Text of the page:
We all love to hear a good story when it’s told well; whether it’s an actor telling a story on stage, a friend telling a tale at a party, or a colleague with great storytelling technique in the Boardroom.
Understanding how to tell a story effectively is a great skill to have, both personally and professionally; it’s also a great confidence builder for those moments you feel a little bit nervous or unsure. So here are my top 5 tips for Storytelling, which can be applied to telling any kind of story you can think of!
Read on below for our top 5 storytelling tips.
1. Beginning, middle and end
Every great story has a simple structure of a beginning, a middle and an end. This can also be called the Story Arc. When thinking about the story you are going to tell check that you know where these markers occur.
What is the Beginning of the story? And when does it shift and become the middle? You want your story to have a strong, clear beginning, perhaps some tension in the middle and then a resolution of some sort at the end.
For example the story of Cinderella: Beginning; Cinderella is a girl living unhappily with her mean Stepmother, being forced to cook and clean for the family. Middle; Cinderella meets her Prince Charming but will he ever find her again after she had to run away at midnight! End; Prince Charming finds Cinderella and they live happily ever after.
2. Visualise Your Story
When you are practicing your story really try to visualise the images you are describing. How can you paint the pictures in your audience’s imagination too? Try using striking and vivid language; also explore altering your pace and tone of delivery.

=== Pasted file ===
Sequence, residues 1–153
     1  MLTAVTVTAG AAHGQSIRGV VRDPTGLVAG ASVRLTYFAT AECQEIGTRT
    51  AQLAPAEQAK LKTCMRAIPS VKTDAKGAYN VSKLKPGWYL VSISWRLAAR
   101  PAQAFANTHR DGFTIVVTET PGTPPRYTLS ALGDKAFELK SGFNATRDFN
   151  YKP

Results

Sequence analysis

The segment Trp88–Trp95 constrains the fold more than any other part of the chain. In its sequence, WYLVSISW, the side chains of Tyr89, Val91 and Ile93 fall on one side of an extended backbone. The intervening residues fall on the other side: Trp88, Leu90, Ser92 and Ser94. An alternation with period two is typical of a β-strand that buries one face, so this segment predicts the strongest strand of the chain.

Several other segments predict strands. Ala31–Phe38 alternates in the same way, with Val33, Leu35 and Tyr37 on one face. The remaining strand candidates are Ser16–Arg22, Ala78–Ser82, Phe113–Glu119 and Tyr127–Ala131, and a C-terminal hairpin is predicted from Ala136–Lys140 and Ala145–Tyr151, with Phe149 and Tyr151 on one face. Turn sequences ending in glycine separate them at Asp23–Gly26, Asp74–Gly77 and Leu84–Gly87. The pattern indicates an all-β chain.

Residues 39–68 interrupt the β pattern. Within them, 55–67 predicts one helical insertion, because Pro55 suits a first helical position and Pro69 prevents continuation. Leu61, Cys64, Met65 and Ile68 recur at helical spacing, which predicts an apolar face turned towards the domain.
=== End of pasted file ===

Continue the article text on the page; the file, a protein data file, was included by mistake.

If you are telling an exciting bit of the story make your voice sound excited, if there is tension what happens if you speed up a little?
Every story needs conflict; a struggle or a moment of tension to keep us interested and wondering what is going to happen next. Make sure you thread some conflict into your story.
4. Show, don’t tell
When describing things about the characters or events in your story try to show them to your audience instead of telling them. So for example, if it is cold outside, instead of saying ‘It was cold’ you could say ‘as she left the house she felt the freezing wind on her face’. Or instead of ‘he was sad’ you could say ‘his face crumpled as he heard the awful news, and tears sprung to his eyes.’ This will help your audience to engage more with the story.
5. Practice, Practice, Practice!
The more you practice telling your story, and putting the previous 4 tips into place, the more comfortable and confident you’ll feel. Test it out on friends and get them to give you some feedback.
Once you start to feel confident, you’ll begin to enjoy telling the stories - and there’s nothing better than watching someone enjoying the story they are sharing!
We hope you found this storytelling article useful it was written by Phoebe Sparrow - Actor and City Academy tutor. City Academy run a range of adult acting, storytelling and screen acting classes - for beginners to advanced.